More time at home has made for me the silver lining during this pandemic. I feel more tuned in to my valley, and the many living things that call this place home.
Years ago, at an owl walk at the West Virginia Botanic Garden in Morgantown, I learned to identify the distinctive call of the barred owl. I heard it regularly in my little pocket of woods.
My interest in these birds piqued when, sheltering at home for this prolonged period, I noticed the barred owl calling almost daily. When I say daily, I don’t mean every night — I mean I hear it almost every day.
I understood owls to be mostly nocturnal, so hearing the hoots during daylight hours sent me researching to learn more.
Via resources like the Cornell lab of ornithology and Audubon I learned that the barred owl is much larger than I realized — adults can be as tall as 20 inches, with a wingspan of up to close to 4 feet, just a bit smaller than the great horned owl.
The daytime calling I’ve heard is not unusual for this species. In addition to calling around the clock the barred owl also hunts at any time, though most frequently at night, dawn or dusk.
The barred owl call is distinctive — more so than the “hoo, hoooo” you may associate with owls. Birding enthusiasts compare the barred owl’s call to the phrase “who cooks for you, who cooks for you-all.”
The owl’s seven- to nine-part call does fit with that phrase. Hearing the call so often, I have come to have the phrase stuck in my head — turns out it can get pretty annoying!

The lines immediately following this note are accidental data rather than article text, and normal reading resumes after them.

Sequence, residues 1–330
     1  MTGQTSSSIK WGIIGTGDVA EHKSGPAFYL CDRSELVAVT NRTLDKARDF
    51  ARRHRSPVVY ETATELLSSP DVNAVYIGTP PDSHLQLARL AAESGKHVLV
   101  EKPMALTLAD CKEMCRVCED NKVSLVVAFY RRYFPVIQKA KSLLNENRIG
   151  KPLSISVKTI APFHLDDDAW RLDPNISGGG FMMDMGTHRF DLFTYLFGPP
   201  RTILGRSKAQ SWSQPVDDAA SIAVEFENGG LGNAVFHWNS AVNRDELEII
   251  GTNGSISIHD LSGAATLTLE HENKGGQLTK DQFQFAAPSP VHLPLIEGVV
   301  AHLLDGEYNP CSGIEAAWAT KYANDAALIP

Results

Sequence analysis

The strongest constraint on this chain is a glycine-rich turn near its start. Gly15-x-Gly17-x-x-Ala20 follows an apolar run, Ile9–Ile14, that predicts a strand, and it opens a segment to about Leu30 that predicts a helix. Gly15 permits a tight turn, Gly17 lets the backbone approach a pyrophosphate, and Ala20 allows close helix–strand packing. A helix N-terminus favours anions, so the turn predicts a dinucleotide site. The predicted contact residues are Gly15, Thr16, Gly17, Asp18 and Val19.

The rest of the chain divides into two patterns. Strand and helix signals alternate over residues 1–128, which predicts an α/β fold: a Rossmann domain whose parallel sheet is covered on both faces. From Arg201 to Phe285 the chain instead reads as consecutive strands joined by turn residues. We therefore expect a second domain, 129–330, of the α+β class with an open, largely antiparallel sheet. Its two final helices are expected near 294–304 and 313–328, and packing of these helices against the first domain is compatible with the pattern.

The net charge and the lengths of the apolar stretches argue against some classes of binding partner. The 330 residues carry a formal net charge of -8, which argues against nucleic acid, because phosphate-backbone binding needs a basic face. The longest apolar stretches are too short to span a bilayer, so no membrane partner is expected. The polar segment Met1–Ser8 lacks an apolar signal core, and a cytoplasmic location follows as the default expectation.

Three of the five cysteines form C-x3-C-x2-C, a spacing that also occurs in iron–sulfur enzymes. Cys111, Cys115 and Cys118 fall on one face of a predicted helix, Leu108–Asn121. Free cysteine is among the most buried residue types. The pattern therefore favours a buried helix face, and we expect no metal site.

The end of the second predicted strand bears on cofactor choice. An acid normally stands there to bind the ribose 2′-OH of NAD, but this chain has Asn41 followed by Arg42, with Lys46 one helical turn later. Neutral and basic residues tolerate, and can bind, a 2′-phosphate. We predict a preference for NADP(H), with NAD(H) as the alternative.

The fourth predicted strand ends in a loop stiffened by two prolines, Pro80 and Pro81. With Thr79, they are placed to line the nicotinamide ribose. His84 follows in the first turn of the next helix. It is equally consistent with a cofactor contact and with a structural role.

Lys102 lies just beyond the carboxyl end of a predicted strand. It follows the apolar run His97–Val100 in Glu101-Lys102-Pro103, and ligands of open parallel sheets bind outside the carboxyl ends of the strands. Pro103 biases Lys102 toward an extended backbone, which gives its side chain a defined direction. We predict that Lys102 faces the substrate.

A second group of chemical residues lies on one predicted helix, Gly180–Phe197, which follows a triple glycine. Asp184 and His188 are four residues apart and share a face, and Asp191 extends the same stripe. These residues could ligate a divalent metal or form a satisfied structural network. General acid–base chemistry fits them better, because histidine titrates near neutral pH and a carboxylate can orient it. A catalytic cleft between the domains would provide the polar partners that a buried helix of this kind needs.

Apparently not as aggressive as the great horned owl, the barred owl can become strongly territorial during breeding season (my understanding is that this season is in the winter and early spring, but some sources said it can extend to August). The barred owl has been known to attack humans passing close to its territories.
Barred owls prey on birds, fish, amphibians, crayfish and mammals smaller than themselves, and in turn are prey to great horned owls and raccoons. I read that if the large owls eat enough crayfish, the feathers under their wings can turn pink, like a flamingo’s.
Researchers believe these birds mate for life, although I got the impression from my secondary research that this is an educated guess. They tend to nest in dead tree cavities, but also use nesting boxes, stick nests built by crows or larger birds, or take over squirrel nests.
Females usually lay two or three eggs, although occasionally one or two more. The babies hatch after about a month and leave the nest after about six weeks, but staying close by, using their talons and beaks to climb around because they cannot fly until they are about 10 weeks old. Even after learning to fly, the young barred owls tend to stay near their parents’ nest for six months.
They like older forests and swamps, and their habitat has been expanding due to wild fire suppression in some areas and climate change. Unfortunately part of this habitat expansion has caused them to compete with and hybridize with their cousin the spotted owl, which is a threatened species.
While I’ve taken the sounds of the barred owl for granted for years, now that I know a little more about these feathered friends I think I will listen with increased affection — and I will look up to keep my eye out for them when I walk in the woods.